Sunday, November 4, 2012

"Gore Galore" ("Outtakes" movie column), Oct. 30, 1987

Photo illustration taken at the Cinedome Theater in Riverdale.
Time was when a horror movie opened, people lined up at the box office -- then went back again the next week for more. They just couldn't get enough.

It all began in the 1930s, really, with "Frankenstein" and "Dracula." And it's continued right up to today. The latest love affair with shockers was kicked off by "The Exorcist" in 1973, but began to die out in 1985 with "Friday the 13th Part V: A New Beginning."

After all, a discerning public will take only so much.

The numbers of horror films being produced may have declined, but the fact remains that people love them. Or, rather, people love to be frightened by them. Horror movies present an undeniable attraction: If it's a good one, you'll be terrified -- the ultimate movie-going experience.

It's one thing to be moved by a love story, challenged to think by a whodunnit, or stirred to cheers by a sports movie. But to be scared out of your seat -- well, that's where it's at, man. It doesn't get any better than that.

But what is it that makes us want to be frightened? What prompts us to put down $5 at the theater box office or $1.99 at the video-rental shop for the pleasure of having the stuffing scared out of us? What makes being terrified so much fun?

It is fun. We love to scrunch down in our seats, waiting for something to happen -- just what that "something" may be, we don't know. We cover our eyes, then peek between our fingers so we don't miss anything important. And at the moment of truth, when Norman Bates swings the knife or Bruce the shark comes out of the water, we revel in a cathartic scream or a leap from our seat.

"We're not really sure why people like to be frightened," said William McVaugh, a professor of psychology at Weber State College. "There's a lot of speculation -- the emotional lease, or stimulation -- but no one's really spent a lot of time researching it."

Another reason may be that people like to challenge their environment and exert mastery over it, and movies permit them to do this vicariously, McVaugh, a specialist in the field of child psychology, explained.

"There's an element of 'there but for the grace of God go I," he said. In other words, a release of one's anxiety.

The professor stressed that his opinions are speculative, that the reasoning behind why people love to be frightened hasn't been a priority in psychological research. But he agreed that moviegoers seem to enjoy the emotional rush associated with horror films.

"One of the interesting things I've noticed," McVaugh said, "and I really don't understand it fully, is that a lot of kids in this (teenage) generation have unreasonable fears of water."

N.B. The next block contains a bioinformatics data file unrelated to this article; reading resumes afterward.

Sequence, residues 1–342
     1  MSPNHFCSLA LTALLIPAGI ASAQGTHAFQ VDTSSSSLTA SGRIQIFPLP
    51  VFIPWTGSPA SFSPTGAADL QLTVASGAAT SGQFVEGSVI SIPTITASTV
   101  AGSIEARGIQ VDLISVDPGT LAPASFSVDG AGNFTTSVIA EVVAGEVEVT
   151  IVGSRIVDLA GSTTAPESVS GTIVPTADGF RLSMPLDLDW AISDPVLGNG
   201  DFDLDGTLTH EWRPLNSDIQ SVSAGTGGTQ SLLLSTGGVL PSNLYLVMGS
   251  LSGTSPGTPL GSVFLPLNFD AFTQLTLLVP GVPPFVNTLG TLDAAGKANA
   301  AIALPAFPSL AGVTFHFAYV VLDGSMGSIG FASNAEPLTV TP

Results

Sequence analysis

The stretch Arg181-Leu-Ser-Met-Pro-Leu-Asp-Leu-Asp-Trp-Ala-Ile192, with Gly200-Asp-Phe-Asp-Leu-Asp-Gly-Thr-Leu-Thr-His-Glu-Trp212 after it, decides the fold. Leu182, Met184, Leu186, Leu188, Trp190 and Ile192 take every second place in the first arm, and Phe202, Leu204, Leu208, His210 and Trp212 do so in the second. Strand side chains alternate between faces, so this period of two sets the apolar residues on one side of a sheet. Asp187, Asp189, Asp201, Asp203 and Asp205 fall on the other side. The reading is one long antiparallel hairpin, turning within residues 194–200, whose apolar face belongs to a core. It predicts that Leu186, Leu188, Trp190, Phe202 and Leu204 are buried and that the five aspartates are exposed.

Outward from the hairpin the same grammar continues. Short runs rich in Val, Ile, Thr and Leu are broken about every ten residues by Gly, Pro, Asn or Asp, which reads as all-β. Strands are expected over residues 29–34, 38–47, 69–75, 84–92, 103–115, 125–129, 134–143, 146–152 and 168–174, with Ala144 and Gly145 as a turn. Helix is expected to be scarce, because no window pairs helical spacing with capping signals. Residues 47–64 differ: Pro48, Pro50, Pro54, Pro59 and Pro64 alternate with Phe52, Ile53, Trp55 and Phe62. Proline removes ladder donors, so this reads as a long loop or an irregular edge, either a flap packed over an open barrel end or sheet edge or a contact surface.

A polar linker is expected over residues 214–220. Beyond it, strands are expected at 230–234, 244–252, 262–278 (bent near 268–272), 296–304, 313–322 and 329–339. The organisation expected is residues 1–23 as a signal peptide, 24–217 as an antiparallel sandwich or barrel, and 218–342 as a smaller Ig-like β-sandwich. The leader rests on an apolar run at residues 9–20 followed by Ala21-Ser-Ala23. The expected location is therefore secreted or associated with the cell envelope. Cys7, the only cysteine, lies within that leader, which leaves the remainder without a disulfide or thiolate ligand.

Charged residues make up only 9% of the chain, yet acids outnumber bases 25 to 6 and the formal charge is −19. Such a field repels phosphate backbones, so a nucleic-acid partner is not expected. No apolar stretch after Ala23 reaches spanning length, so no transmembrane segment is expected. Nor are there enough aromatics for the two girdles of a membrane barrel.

Many of the children, he said, have seen one or more of the "Jaws" films. McVaugh thinks those movies had a significant effect on children who were too young to understand that sharks exist only in the ocean, and not in the rivers, lakes and streams of the Intermountain West. Many teenagers and younger children, he said, refuse to swim in any water other than a clear swimming pool -- where they can see the sides, the bottom and that there are no fierce predators lurking beneath the surface.

The sort of horror in slasher movies featuring decapitations, amputations and all manner of gore galore, he said, may not affect youngsters to such an extreme because the violence isn't altogether realistic. The truly terrifying stuff, he said, is a depiction of some circumstance with which people can identify from their own experience.

For example, my button gets pushed when someone on screen starts drilling on teeth, since I've always hated trips to the dentist. The torture scene in "Marathon Man" and the comic send-up of dentistry in "Little Shop of Horrors" are the movie moments that have disturbed me most. I, like everyone else in the world, barely flinch when Jason or Freddy start hacking away on innocent teenagers with butcher knives and fire-axes.

Therein -- and here's my chance to diagnose the problems of modern-day horror films -- "lies the problem with the current state of movie horror: They show so much it's not very realistic. Alfred Hitchcock was the one who did it best because he let most of the violence take place off-camera -- suggesting it but rarely showing it. Nowadays screen terror relies on graphic bloodletting that leaves nothing to the imagination.

It's probably a pipe dream, but maybe the reliance on goo and guck has been taken about as far as it can go. Think about it. We've seen heads explode in slow motion, endless vomiting, cannibalism, bodies ripped in half, eyeballs gouged out -- you name it. There isn't anything left. It would be a challenge for someone to fall back on real terror, the kind that "comes from within.

And there's a ready and willing market for it, because, hey, we love to be frightened.

No comments:

Post a Comment